Sexual minority mental health: A multidimensional and longitudinal approach


Fish, Jessica N. (2014). Sexual minority mental health: A multidimensional and longitudinal approach.


The association between sexual minority status and poor mental health is well established. However, despite the recent increase in studies investigating health disparities between heterosexual and sexual minority youth and adults, few consider the multidimensional and developmental nature of sexuality when assessing its association with mental health outcomes over various contexts and time. The current study employed the use of complex methodology to assess human sexuality across multiple dimensions (i.e., sex, romantic/sexual attraction, romantic/sexual behavior, and sexual orientation/identity) and developmental stages (i.e., adolescence to adulthood) to assess between and within-group differences on outcomes of depression and suicidality. The influence of interpersonal relationships (parental and peer) and contexts (school and community) on the association between sexual status and mental health outcomes were also examined. In Study 1 latent class analysis was used to identify three groups in adolescence that varied in sexual status. Group comparisons indicated that those who were same- or both-sex attracted reported higher levels of depression and suicide concurrently and at later developmental stages. Proposed risk and protective factors did not fully attenuate differences in outcomes, although the cumulative influence of these effects mitigated differences for depression in early adolescence. Repeated measures latent class analysis on indicators of sexuality from adolescence to adulthood (Study 2) identified five groups that varied in sexual status and sexual maturation and that were differentially related in suicidality and depression over time. Groups identified by sexual minority status characteristics (same- or both- sex attraction or behavior, or nonheterosexual identities) were most at risk across time; however, these groups also demonstrated differences from one another. Longitudinal associations with outcomes identified differential timing of risk, and the analysis of risk and protective factors indicated that youth contexts alter the association between sexual status and mental health outcomes. When assessing the relationship between sexual status groups and trajectories of depression from adolescence to adulthood (Study 3) results indicated four distinct trajectories characterizing chronic low risk, early risk, later risk, and chronic high risk. Findings indicated that groups characterized by sexual minority attraction, behavior, and identity were associated with later and chronic high risk trajectories from adolescence to adulthood when compared to heterosexual groups. Together, results indicate both between- and within-group differences in sexual status and the subsequent association with mental health outcomes. Investigation of risk and protective factors revealed that youth interpersonal relationships and environments act as both mediators and moderators of the relationship between sexual status and mental health, with more robust influences on depression than suicidality and on concurrent rather than longitudinal outcomes. Implications for research, theory, programming, and policy are also discussed. Overall, finding support previous sexual minority health disparities research but highlight the need for within-group studies to assess how differences among sexual minorities and their experiences contribute to mental health outcomes across the lifespan.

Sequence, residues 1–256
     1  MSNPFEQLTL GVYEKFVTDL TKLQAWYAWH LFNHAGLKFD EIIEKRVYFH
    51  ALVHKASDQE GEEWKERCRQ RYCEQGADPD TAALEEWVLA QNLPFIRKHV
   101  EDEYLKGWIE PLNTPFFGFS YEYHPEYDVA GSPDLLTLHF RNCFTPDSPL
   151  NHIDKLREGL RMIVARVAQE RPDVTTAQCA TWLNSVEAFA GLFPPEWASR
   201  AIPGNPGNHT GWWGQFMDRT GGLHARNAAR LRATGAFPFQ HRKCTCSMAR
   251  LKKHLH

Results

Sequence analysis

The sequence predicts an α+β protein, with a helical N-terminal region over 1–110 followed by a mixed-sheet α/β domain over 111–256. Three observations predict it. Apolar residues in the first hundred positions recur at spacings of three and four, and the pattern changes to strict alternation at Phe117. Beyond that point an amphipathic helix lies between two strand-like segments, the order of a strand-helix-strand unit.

Social sciences


Copyright - Copyright ProQuest, UMI Dissertations Publishing 2014

Reference Type



Fish, Jessica N.

Series Author(s)

Pasley, Kay

Year Published


Volume Number





The Florida State University

City of Publication

Ann Arbor





Reference ID